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Tuesday, 05 April 2011 19:00

GOP Wants National Guard on Border

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National GuardTen Republican members of the U.S. House Homeland Security Committee have asked President Obama to leave 1,200 National Guardsmen on the border with Mexico to continue their role interdicting drugs coming into the United States.

The main concern of the committee members is that the troops will leave before the Border Patrol has beefed up its manpower to continue the titanic struggle against the drug gangs that virtually control the border.

At 21,000 agents, the Border Patrol says, it has more manpower than ever.

The guardsmen are to leave on June 30.

Troops Deployed

Obama deployed the guardsmen in March 2010 to enhance border security, particularly against the increasing flow of drugs. The Republican committee cohort, led by Rep. Pete King, chairman of the Homeland Security Committee, believe the guardsmen have done good work and worry about permitting to leave too soon

According to the Department of Homeland Security, National Guard soldiers have assisted civilian law enforcement in seizing over 14,000 pounds of drugs and apprehending 7,000 illegal immigrants. However, we remain concerned that these 1,200 Guardsmen and women will stand down before a sufficient number of Border Patrol agents have been hired and trained to replace these soldiers. We believe that this would put at risk the valuable gains that have been made in many areas along the border at a time of increasing violence which threatens to spillover to our nation’s border communities.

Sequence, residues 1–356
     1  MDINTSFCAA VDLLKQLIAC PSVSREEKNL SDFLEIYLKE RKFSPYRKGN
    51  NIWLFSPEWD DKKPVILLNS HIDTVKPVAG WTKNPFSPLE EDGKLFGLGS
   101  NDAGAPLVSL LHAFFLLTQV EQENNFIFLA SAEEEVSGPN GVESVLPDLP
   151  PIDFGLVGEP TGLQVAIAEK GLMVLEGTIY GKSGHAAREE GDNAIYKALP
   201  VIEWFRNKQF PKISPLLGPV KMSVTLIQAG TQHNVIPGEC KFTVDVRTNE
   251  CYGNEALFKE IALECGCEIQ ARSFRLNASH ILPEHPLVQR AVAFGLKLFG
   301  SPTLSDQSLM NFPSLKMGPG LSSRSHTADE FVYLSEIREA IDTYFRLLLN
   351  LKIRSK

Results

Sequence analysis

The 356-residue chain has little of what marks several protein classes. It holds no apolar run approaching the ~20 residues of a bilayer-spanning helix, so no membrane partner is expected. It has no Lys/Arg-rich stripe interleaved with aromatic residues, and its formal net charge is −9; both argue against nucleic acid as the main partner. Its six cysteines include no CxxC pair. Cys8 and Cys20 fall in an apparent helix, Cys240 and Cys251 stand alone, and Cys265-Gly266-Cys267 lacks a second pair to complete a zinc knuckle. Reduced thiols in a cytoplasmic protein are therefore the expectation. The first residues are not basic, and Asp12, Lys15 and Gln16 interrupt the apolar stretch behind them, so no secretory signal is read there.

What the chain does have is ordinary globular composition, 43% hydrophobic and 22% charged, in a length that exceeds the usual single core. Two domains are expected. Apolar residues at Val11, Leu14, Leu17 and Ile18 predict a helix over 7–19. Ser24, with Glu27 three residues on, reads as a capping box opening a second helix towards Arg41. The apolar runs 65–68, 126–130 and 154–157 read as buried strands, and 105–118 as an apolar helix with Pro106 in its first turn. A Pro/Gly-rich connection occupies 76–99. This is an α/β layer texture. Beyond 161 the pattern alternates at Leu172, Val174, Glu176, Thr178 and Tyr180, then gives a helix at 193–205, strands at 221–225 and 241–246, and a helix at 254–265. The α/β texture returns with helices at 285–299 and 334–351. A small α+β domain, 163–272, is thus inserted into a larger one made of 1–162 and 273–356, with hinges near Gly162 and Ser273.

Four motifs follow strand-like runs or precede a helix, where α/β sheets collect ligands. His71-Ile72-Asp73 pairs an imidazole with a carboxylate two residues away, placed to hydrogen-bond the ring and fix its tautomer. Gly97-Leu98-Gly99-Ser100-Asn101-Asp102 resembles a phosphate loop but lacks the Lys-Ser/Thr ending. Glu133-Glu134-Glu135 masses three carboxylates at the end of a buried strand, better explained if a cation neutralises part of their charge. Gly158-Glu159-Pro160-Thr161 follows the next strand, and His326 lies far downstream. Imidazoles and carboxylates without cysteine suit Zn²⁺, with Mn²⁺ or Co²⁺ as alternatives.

The committee's move comes just a week or so after Homeland Security Secretary Janet Napolitano, speaking at leftist think tank, averred that the border was not out of control.

A review of the evidence shows that the committee's concerns about the border are well-founded and that Napolitano is wrong. Last week, GAO border expert Richard Stana told the Senate Homeland Security Committee that the Border Patrol can stop illegal entries into the United States on only 129 miles of the border. On another 744 miles, the agency apprehends illegal aliens only after they have crossed. Testified Stana:

As we previously observed in December 2010 and February 2011, and through selected updates, Border Patrol determined in fiscal year 2010 that border security was not at an acceptable level of control for 1,120 southwest border miles and 3,918 northern border miles, and that on the northern border there was a significant or high degree of reliance on enforcement support from outside the border zones for detection and apprehension of cross-border illegal activity. For two-thirds of these southwest miles, Border Patrol reported that the probability of detecting illegal activity was high; however, the ability to respond was defined by accessibility to the area or availability of resources. One-fourth of these northern border miles were also reported at this level. The remaining southwest and northern border miles were reported at levels where lack of resources or infrastructure inhibited detection or interdiction of cross-border illegal activity.

Border Violence

Violence at the border has reached a frightening level. Border Patrol agent Brian Terry was killed in a shoot-out in near Nogales, Arizona.

Ciudad de Juarez , across the border from El Paso, may be the most dangerous city in the world. More than 3,000 were killed in in drug violence there in 2010 alone. Between January 2008 and July 2010 the drug wars claimed 6,000 lives.

On February 10-11, a 24-hour gunbattle left 18 dead. In Sept. 2010, border agents came under fire near San Antonio, Texas, while chasing a truck along the Rio Grande River.

And border authorities frequently find tunnels running under the border.

Just months ago, Immigration and Customs Enforcement Agents waylaid a truck departing a putative toilet paper warehouse in Otay Mesa, Calif. The truck carried 10 tons of marijuana, and on raiding the warehouse, agents confiscated another 32,000 pounds.

Then they found an 1,800-foot tunnel running to Mexico equipped with tracks and pulleys.

Photo of National Guardsman near border: AP Images

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